In most situations, the vertical information for a sample cannot be constructed directly by analyzing interference images of evanescent waves (because of the lack of phase information along the vertical direction). In our NFWLI technique, however, we use a microsphere superlens to convert the evanescent waves into propagating waves. We also reconstruct the phase information along the vertical direction from the evanescent waves. By analyzing the recorded images that are generated by the interference of the converted propagating waves and the reference light beams, we can construct the morphology of a sample (with sub-diffraction-limited resolution) in all three dimensions.

We have tested our NFWLI method by observing structures within central processing unit chips. These chips have lateral dimensions of about 50nm and a vertical dimension of about 10nm. We conducted these observations (see Figure 2) without the use of fluorescent dyes and within 25s, i.e., 40 times faster than for atomic force microscope (AFM) measurements. We find—see Figure 2(d–f)—that the profiles we obtained with our NFWLI technique are consistent, and that they are similar to those we obtained via AFM scanning. Our results also demonstrate that the NFWLI method can operate well in both air and in water.

Figure 2. Examples of using NFWLI for the inspection of semiconductor chips. Observations are made of (a) 90nm features, (b) an array of nanodots, and (c) 65nm structures. Scanning electron microscope images (i), virtual images generated with a microsphere superlens (ii), atomic force microscope (AFM) scanning images (iii), and the 3D morphology constructed by NFWLI (iv) are shown in each case. (d–f) Comparisons of the cross sections—marked by the blue and red lines in (a–c)—obtained via AFM scanning and NFWLI.11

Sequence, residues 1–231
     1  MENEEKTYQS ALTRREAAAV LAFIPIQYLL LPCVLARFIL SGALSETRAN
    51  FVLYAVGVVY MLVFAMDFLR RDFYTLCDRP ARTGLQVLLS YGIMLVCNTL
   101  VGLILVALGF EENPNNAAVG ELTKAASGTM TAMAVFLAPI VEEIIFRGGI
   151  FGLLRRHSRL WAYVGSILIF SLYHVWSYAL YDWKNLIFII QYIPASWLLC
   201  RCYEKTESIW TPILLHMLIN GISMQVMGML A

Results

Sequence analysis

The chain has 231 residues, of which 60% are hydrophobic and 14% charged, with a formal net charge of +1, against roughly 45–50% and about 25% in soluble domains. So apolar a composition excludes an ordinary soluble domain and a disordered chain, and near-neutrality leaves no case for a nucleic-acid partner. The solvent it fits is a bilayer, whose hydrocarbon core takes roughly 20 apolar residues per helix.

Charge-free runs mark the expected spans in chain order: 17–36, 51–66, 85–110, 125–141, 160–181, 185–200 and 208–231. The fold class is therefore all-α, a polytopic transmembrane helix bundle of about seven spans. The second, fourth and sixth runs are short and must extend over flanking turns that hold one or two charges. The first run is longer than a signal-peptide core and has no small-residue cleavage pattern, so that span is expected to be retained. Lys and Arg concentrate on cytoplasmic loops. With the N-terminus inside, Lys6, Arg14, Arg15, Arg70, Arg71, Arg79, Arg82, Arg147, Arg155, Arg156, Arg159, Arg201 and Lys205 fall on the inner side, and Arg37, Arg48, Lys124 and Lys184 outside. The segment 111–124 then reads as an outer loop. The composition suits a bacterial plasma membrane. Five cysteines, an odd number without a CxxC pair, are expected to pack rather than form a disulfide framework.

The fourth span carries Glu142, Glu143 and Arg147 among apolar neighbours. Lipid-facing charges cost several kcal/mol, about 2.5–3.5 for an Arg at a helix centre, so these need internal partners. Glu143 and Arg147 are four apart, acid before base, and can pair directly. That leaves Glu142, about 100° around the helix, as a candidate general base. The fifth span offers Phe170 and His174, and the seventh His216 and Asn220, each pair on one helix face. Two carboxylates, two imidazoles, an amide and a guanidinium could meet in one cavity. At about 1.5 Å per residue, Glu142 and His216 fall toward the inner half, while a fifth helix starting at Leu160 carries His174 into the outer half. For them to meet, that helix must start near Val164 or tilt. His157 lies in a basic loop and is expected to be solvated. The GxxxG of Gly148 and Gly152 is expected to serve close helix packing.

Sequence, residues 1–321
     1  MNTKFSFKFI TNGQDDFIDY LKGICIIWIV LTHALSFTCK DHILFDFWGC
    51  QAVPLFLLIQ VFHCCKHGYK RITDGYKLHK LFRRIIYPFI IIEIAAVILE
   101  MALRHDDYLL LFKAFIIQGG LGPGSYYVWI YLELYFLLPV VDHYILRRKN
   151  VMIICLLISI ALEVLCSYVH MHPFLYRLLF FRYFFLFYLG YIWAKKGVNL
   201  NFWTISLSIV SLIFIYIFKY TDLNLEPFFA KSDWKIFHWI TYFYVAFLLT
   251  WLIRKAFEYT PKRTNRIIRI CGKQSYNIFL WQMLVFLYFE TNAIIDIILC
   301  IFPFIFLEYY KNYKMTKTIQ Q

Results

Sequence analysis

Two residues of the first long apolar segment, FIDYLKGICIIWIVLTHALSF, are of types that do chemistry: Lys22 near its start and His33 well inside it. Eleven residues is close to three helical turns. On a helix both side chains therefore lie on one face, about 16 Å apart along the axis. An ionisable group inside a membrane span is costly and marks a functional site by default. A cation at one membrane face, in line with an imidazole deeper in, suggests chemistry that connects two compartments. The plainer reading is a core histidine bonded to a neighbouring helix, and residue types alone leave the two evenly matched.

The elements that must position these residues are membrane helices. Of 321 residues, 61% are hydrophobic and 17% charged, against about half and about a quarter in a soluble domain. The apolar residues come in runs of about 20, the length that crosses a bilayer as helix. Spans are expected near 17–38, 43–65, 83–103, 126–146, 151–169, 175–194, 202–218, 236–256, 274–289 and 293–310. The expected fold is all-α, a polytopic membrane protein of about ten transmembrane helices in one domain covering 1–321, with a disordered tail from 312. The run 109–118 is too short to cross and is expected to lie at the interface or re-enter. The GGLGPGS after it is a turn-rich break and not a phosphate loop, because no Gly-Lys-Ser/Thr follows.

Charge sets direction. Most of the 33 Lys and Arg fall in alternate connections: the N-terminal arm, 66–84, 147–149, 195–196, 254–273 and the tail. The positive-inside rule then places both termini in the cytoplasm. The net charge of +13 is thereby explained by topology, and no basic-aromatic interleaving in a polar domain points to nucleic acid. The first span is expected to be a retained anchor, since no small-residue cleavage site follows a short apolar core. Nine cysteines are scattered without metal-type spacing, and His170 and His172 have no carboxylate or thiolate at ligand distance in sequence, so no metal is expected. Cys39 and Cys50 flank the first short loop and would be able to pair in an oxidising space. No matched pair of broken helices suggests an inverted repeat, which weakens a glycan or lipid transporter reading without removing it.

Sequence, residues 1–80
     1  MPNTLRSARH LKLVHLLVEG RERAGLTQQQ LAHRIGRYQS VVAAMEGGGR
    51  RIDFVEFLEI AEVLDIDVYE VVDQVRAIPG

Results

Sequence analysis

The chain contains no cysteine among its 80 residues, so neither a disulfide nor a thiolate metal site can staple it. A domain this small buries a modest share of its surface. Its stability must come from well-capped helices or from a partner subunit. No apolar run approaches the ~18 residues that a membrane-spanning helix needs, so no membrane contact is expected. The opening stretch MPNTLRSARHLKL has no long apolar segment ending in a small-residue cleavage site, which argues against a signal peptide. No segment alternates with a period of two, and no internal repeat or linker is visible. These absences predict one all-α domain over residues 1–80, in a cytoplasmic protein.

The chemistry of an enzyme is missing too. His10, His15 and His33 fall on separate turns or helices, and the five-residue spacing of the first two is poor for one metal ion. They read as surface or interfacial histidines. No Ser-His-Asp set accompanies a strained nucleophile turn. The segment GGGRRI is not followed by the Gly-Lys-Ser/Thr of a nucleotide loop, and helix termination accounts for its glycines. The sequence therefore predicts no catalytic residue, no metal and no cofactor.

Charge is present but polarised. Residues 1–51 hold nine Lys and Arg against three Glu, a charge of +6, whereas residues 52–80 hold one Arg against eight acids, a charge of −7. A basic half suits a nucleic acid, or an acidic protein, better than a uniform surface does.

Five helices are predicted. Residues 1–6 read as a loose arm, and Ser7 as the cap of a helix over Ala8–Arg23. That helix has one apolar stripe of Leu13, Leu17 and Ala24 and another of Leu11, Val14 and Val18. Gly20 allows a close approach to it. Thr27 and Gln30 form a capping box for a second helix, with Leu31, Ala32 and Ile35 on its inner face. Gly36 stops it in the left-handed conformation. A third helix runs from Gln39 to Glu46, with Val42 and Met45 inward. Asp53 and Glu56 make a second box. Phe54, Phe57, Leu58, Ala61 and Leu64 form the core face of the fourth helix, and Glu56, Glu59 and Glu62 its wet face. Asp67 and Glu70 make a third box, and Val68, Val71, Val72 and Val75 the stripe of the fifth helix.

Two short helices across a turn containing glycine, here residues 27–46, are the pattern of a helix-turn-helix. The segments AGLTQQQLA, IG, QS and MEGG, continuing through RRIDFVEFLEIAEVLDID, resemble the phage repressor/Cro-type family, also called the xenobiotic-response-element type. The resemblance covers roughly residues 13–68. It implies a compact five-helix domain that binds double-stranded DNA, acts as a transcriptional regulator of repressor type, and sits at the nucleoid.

In summary, we have developed a new technique—near-field assisted white-light interferometry—that provides significant advantages over standard scanning probe microscopy for 3D nanoscale morphology profiling. For example, our NFWLI approach has a much improved time efficiency for large-area nanoscale morphology acquisition (i.e., with a field of view that is on the order of micrometers). In addition, our method is non-invasive because the microsphere superlens does not need to be in direct contact with the samples, and it produces reduced repeatability errors (i.e., it does not require scanning probe tips that may wear out during repeated scans and thus cause surface profiling errors). We believe that NFWLI therefore has great potential as a practical 3D super-resolution microscopy method for label-free, high-speed, non-invasive, and environmentally compatible imaging. Indeed, all these properties should facilitate 3D nanoscale imaging of integrated circuit devices, nanomaterials, and biological entities (e.g., cell membranes, viruses, or biomolecules) in the future. The observable area of NFWLI, however, is currently confined by the microsphere's field of view, and we are therefore currently exploring several effective methods to overcome this limitation.

Feifei Wang
Shenyang Institute of Automation
Chinese Academy of Sciences
Shenyang, China
University of Chinese Academy of Sciences
Beijing, China
Lianqing Liu
Shenyang Institute of Automation
Chinese Academy of Sciences
Shenyang, China
Wen Jung Li
Department of Mechanical and Biomedical Engineering
City University of Hong Kong
Hong Kong, China